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California among 33 states that reduced CO2 while growing its economy

Aerial view of the Diablo Canyon Nuclear Power Plant which sits on the edge of the Pacific Ocean at Avila Beach in San Luis Obispo County, California on March 17, 2011.  Some of America's nuclear power plants loom near big city populations, or perch perilously close to earthquake fault lines. Others have aged past their expiration dates but keep churning anyway. President Barack Obama has demanded that the 104 nuclear reactors at 65 sites get a second look as scientists warn that current regulatory standards don't protect the US public from the kind of atomic fallout facing quake-hit Japan.                   AFP PHOTO/Mark RALSTON (Photo credit should read MARK RALSTON/AFP/Getty Images)
MARK RALSTON/AFP/Getty Images
Aerial view of the Diablo Canyon Nuclear Power Plant in San Luis Obispo County, California, on March 17, 2011. The plant will close within the next decade. A new Brookings Institution study questions how California will continue to make ambitious carbon reductions without nuclear power.

A new report from the Brookings Institution's Metropolitan Policy Program has found that 33 states and Washington D.C. have managed to reduce their carbon dioxide emissions while simultaneously growing their economies.

Lead author Devashree Saha said her findings challenge assertions that efforts to fight global warming will necessarily hurt the economy -- a position taken frequently by President-elect Donald Trump during his campaign.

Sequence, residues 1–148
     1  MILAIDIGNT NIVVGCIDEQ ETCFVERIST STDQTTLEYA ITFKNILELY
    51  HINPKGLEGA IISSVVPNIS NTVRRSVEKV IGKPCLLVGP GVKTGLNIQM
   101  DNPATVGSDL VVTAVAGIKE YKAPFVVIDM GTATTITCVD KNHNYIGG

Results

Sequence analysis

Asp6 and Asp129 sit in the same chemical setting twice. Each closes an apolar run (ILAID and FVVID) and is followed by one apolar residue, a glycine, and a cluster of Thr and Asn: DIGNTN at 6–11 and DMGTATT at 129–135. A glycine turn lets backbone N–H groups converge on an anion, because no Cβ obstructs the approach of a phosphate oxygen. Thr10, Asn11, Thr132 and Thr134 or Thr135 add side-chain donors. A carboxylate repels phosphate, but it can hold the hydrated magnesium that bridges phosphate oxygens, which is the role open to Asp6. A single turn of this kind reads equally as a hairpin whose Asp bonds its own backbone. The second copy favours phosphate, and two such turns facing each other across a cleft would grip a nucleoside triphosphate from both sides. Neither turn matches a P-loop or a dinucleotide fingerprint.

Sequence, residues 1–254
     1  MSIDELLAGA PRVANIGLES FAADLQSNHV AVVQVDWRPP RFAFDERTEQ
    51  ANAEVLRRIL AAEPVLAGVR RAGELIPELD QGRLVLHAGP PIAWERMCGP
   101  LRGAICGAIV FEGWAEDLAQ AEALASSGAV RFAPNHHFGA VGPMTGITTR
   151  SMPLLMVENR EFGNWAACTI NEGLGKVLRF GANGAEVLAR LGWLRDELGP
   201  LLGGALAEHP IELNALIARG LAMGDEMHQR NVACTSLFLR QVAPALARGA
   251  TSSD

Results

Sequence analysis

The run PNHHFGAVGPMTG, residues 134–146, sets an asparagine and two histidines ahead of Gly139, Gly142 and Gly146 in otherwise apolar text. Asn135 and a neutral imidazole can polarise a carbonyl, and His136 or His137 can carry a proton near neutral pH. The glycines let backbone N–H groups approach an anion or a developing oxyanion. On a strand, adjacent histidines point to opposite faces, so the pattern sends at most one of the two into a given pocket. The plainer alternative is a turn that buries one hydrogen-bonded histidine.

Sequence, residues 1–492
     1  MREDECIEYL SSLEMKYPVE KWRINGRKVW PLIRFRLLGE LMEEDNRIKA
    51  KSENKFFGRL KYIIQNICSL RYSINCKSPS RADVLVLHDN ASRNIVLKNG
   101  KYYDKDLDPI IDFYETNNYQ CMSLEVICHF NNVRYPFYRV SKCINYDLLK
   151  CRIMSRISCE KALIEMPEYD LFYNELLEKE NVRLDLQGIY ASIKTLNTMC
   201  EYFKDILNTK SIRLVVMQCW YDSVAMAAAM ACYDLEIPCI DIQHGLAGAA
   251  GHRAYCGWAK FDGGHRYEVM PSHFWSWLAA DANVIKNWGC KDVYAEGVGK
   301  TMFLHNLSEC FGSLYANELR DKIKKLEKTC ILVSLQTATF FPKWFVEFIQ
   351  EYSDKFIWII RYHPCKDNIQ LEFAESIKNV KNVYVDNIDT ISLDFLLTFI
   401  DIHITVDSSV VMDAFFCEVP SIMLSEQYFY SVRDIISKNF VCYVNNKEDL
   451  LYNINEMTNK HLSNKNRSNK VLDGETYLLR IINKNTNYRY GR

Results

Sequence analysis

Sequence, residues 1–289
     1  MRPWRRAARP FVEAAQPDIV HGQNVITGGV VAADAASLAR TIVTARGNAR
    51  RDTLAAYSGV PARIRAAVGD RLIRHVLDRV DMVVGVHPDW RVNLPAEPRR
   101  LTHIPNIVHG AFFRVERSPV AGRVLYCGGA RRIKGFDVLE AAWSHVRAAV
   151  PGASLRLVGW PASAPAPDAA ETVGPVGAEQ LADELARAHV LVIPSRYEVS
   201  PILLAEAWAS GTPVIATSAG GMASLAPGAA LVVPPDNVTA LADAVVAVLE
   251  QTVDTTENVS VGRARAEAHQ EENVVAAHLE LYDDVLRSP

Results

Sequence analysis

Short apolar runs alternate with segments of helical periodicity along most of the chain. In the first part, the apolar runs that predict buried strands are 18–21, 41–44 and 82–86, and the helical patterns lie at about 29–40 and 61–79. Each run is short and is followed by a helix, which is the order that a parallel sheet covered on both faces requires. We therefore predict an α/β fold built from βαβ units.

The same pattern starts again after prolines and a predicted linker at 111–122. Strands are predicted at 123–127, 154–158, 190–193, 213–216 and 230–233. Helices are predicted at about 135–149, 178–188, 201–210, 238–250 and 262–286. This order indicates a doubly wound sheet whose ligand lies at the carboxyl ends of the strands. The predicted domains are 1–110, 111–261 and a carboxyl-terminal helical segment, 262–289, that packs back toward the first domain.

"Our research completely debunks that notion," Saha said. "The fact that 33 states and DC have managed to de-link economic growth from carbon emissions is a very encouraging trend. Though there is still a very huge gap from where we are and where we need to be. States need to ramp up and do more."

KPCC environment reporter Emily Guerin spoke with Saha about her study. An edited version of their conversation is below.

Interview highlights

Why did you want to do this study?

What did you find?
You use the word “decoupled” a lot in this study. What do you mean by that?
How important were state policies in helping those 33 states decrease their carbon emissions?
What about market forces? Natural gas prices have been low enough to prompt many power plant operators to make the switch from coal, which is twice as carbon intensive as natural gas.
Meanwhile California is shutting down its last nuclear power plant, Diablo Canyon.  
How does California compare to other states in your study?
Do you expect the trend you identified in these 33 states to continue under the Trump administration? 
Do you think your study will change anyone’s mind in the Trump administration? As someone who trades in facts and research, how do you feel right now, a time when facts seem to matter less than ever?